Review Roundup: See What Critics Thought of MEMPHIS at Actors Playhouse.

Review Roundup: See What Critics Thought of MEMPHIS at Actors Playhouse.MEMPHIS opened at Actors Playhouse in Miami on March 13 and is playing through April 7, 2019.

Inspired by actual events, Memphis follows the story of Huey Calhoun, a fictitious white radio DJ who was one of the first to play black music in 1950s Memphis, and Felicia, a black club singer who is hoping for her big break. Filled with laughter, soaring emotion, forbidden love, irresistible dancing, rhythm and blues, and roof raising rock 'n' roll, this winner of four Tony Awards including "Best Musical" features a Tony-winning book by Joe DiPietro (I Love You, You're Perfect, Now Change), and a Tony-winning original score with music by David Bryan, one of the founding members of Bon Jovi.

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Let's see what the critics had to say...

Bill Hirschman, Florida Theater on Stage: But the most powerful song is "Say a Prayer," which a character named Gator (David Berry) sings. Up until then, he hadn't uttered a word, for a reason that should shock you. But when he opens his mouth, his voice emits a hopeful, soulful sound. It drifts across the stage and out into the auditorium. Berry's voice is filled with such hope and heart that it is a production highlight.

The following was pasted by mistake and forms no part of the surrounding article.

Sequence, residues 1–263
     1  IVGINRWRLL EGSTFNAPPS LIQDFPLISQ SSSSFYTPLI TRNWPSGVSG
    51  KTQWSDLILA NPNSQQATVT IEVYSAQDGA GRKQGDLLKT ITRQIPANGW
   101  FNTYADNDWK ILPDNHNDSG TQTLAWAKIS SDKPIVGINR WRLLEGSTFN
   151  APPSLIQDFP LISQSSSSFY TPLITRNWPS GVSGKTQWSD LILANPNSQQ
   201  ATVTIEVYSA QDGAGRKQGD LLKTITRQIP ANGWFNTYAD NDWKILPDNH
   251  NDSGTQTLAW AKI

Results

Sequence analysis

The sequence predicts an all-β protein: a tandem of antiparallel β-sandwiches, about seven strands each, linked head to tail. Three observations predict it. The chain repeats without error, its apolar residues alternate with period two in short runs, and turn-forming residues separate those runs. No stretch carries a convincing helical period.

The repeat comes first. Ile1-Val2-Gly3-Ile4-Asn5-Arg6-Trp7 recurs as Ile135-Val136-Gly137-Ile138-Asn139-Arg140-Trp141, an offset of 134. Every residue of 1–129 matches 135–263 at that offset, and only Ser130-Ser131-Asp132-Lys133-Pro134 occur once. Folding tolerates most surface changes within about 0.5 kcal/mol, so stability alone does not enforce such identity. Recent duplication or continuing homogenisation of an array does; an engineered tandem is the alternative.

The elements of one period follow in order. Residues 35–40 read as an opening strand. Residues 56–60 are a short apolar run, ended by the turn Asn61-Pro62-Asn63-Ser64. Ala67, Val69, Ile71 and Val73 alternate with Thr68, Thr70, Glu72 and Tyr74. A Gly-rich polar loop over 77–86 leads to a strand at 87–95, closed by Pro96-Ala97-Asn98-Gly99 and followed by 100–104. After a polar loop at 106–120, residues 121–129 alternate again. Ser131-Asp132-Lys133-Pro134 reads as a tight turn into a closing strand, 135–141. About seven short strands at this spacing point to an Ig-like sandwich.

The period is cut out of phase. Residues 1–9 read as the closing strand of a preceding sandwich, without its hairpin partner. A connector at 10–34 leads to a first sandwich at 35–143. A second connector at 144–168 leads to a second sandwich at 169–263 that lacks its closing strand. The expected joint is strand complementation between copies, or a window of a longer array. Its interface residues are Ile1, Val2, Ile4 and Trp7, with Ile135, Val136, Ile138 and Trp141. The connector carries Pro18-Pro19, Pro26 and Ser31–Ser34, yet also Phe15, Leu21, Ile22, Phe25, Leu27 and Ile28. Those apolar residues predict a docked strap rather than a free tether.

Cristina Pla-Guzman, BroadwayWorld: I can't say enough about the power houses on stage. The show, with its laugh one moment and break your heart the next, was a perfect vehicle to showcase its incredibly talented actors. Not just the leads, the ensemble was filled with wildly talented performers. Chaz Rose as Delray took the story by storm from the very first number, "Underground".Gabrielle Graham as Felicia was the perfect amount of sweet and strong to play the role. But it was David Berry as Gator who brought a tear to my eye. Berry's rendition of "Say a Prayer" was so powerful. It made me think about how important it is for audiences today to hear that message. His voice was heavenly. We had to wait almost into Act Two to finally hear it, but what a gift.

Christine Dolen, Miami Herald: The leads are surrounded by impressive talent, each getting a moment (or more) in the spotlight. The deep-voiced Rose, whose protective Delray sees the danger in Huey coming anywhere near Felicia, fights for his sibling as he sings "She's My Sister," then later joins Huey's mother and his friends Bobby (Jerrial T. Young) and Gator (David Berry) in singing a fierce "Change Don't Come Easy."

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